1. You have to clearly and simply specify the purpose for which consent is sought.
  2. You must identify the organization seeking consent and/or the organization on whose behalf consent is sought.
  3. You must provide contact information (i.e. mailing address and telephone number, email address or web address).
  4. You must provide a statement that the recipient may withdraw his or her consent by using the means provided (ie., unsubscribe link).


What can Blender Media do to help me stay compliant?

To date, we have been updating your mailing list and sending out emails on your behalf with the understanding that you already possess and/or you are able to  provide us with consent information upon request (via email history, for instance).

In addition, from July 1st, we’re implementing opt-in procedures for all mailing lists managed through our dissemination system.


Opt-In Processes

From July 1st, all subscribers who sign up for a list on our website will receive an opt-in request before they can be added to your list. The request will direct them to a form where they will need to enter their name and click a button confirming their consent.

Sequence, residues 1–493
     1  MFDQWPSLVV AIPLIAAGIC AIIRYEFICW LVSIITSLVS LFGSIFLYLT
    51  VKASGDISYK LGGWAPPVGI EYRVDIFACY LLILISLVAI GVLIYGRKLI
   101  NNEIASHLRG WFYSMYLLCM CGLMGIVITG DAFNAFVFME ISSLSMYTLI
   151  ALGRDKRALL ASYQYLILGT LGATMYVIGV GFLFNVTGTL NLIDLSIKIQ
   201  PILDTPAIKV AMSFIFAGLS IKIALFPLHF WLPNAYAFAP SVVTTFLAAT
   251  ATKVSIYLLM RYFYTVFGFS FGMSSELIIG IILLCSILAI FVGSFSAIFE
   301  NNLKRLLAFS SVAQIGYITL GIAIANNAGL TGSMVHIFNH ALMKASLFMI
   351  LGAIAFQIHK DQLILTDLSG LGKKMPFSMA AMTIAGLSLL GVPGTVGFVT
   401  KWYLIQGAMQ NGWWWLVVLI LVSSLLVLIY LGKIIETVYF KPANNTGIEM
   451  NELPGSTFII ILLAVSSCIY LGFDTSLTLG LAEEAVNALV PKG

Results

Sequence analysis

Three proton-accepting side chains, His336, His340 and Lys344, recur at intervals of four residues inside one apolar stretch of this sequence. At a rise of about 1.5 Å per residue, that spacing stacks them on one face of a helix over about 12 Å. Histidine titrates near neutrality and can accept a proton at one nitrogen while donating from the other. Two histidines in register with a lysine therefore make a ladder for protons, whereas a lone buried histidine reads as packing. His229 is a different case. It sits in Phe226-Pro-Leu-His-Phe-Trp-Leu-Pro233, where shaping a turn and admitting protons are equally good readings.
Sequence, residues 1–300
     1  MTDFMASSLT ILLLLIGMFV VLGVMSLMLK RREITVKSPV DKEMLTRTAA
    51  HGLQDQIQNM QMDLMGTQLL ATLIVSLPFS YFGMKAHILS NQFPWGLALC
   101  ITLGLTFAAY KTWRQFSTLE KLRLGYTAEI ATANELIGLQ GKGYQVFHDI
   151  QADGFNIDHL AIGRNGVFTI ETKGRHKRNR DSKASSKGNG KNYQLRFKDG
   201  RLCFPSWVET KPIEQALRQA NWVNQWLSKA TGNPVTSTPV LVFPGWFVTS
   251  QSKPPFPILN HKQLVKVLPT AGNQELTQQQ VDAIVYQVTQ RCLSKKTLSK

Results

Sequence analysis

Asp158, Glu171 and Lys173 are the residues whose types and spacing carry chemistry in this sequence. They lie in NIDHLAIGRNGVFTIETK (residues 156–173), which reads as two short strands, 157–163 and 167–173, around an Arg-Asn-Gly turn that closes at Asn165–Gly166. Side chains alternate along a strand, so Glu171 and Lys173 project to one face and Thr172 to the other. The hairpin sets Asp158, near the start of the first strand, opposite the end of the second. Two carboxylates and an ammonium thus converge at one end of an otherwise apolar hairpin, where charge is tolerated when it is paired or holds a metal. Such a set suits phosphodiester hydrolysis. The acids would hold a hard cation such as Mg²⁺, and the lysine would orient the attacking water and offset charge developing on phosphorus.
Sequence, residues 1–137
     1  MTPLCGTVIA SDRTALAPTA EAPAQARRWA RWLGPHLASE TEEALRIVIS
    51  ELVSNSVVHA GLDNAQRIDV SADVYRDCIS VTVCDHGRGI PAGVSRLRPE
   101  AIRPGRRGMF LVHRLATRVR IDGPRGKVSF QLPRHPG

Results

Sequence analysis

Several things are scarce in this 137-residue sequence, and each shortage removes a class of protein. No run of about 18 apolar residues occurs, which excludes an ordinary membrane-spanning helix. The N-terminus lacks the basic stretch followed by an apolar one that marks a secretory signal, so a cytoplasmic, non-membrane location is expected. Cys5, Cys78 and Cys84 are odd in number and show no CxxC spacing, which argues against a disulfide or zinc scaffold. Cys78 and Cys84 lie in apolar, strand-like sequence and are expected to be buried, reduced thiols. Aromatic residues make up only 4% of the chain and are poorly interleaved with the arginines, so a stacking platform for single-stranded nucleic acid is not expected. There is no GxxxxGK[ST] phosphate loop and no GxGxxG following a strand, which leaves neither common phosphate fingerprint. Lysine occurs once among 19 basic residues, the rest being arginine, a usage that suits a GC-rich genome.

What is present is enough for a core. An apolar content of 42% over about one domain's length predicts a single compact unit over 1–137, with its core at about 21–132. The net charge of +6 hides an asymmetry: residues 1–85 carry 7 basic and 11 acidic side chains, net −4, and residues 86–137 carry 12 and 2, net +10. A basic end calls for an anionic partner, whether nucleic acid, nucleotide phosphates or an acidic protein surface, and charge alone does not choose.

This same opt-in request will be sent to any email address that you forward to us to manually add to your list.


Mailing Campaigns to Obtain Express Consent

If you have not been tracking consent from current subscribers, we suggest that you start a mailing campaign to obtain express consent from subscribers current as of July 1st.

We can set up your list to document opt-in dates of subscribers. However, please note that if you decide to start this mailing campaign, you will not be able to email anyone on your list who does not provide express consent.

These tools are being provided to you to help you obtain and track consent. However, please remember that the responsibility for maintaining and tracking the obtainment of express consent rests with you, the “owner” of your mailing list.

How can I find out more about the CASL?

Read the law. The government has posted the full text of the law on their website:

If you want a more concise explanation of how the law applies to you, then read the FAQ:

And if you want a breakdown of how the legal requirements should be met, there are excellent examples on the CRTC website: